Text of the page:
Seasonality: Predicting Seasonality (from History)

This is part 3 of our series on Seasonality, previous segments are available in our archives.

Once you understand the seasonality of your data, it can be a useful tool in predicting the future. Taking into account changes that happen at different times of year will make your predictions more accurate than if you just extrapolate from the data itself.

For example, if we return to our highly seasonable same data below:

raw

If we were try to predict the future using a simple linear regression, it would fail to capture those regular, seasonal spikes. Below is a 6-degree polynomial regression on the above data:

trendline

As you can see, this regression would be very effective at predicting the value for almost any day of the year except for our big spikes around Christmas! This means that you need to use different approaches to take seasonality into account.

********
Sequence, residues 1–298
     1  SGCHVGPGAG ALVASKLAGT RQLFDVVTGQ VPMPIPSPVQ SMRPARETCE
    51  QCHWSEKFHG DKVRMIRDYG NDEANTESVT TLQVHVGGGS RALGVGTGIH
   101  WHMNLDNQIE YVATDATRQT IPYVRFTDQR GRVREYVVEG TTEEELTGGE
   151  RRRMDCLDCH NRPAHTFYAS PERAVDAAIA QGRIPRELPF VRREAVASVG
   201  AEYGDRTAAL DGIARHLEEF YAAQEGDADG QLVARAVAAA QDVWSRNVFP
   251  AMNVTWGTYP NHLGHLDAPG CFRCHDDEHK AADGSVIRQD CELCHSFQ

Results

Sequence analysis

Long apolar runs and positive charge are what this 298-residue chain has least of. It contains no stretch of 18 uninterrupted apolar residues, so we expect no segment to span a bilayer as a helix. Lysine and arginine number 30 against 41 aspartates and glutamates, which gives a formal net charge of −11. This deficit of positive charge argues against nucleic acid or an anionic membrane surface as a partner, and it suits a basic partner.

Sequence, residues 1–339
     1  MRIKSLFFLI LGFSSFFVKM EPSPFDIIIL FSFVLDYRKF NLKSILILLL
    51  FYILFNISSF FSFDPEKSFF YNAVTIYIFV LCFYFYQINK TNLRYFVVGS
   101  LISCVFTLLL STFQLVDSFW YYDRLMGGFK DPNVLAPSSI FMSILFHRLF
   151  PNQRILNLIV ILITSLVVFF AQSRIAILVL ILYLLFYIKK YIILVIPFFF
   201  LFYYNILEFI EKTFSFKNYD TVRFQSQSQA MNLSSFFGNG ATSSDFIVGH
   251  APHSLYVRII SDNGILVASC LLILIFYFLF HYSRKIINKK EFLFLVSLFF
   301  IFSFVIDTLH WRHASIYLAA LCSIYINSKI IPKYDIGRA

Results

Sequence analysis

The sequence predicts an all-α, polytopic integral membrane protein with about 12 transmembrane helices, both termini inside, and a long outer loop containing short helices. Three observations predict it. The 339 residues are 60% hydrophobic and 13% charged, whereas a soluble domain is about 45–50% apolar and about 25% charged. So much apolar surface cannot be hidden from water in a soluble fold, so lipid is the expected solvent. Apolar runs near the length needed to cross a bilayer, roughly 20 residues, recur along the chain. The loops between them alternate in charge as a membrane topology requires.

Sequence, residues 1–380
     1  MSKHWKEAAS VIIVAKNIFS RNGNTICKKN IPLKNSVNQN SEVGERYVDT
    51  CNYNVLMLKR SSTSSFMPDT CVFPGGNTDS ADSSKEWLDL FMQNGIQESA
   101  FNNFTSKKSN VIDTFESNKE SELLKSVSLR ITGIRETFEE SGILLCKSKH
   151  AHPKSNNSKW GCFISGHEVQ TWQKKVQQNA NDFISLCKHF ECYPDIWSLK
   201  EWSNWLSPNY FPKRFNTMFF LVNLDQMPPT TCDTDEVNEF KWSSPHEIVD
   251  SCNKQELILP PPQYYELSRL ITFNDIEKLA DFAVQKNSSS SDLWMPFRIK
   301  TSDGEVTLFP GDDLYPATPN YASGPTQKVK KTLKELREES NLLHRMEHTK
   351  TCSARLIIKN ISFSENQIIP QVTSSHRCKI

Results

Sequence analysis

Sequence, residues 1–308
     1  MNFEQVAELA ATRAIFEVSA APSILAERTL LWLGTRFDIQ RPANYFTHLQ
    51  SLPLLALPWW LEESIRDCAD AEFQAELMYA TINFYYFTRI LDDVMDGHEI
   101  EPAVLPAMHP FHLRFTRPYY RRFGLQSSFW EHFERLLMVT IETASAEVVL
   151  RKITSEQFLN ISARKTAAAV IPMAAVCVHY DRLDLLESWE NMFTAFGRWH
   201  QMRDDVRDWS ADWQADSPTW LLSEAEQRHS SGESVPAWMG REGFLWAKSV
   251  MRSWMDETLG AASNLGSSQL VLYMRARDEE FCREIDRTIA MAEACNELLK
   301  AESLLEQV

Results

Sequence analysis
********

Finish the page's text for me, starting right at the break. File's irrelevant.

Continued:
From what we covered yesterday, I will assume you have identified when you experience seasonality. On those dates, you need to calculate the average deviation from the regression which will become your expected change in the future. For our data above the deviations for the past few years break down as:

December 25, 2012 20.7%
December 25, 2013 20.8%
December 25, 2014 21.6%
December 25, 2015 22.0%
Mean Deviation 21.3%

 

We can then use this factor (+21.3% or 1.213) to predict the value for any upcoming Christmas by using a simple regression and multiplying the value for Christmas by our deviation factor. If our regression prediction for Christmas this year is 100, then we would estimate 100 * 1.213 = 121.3.

This works well when you have a few years of history to use, but that won’t be true of new products and services! We’ll cover what to do in those cases tomorrow.

 

Quote of the Day: In – five hundred twenty-five thousand / Six hundred minutes / How do you measure / A year in the life” Jonathan Larson, RENT (the musical) – Seasons Of Love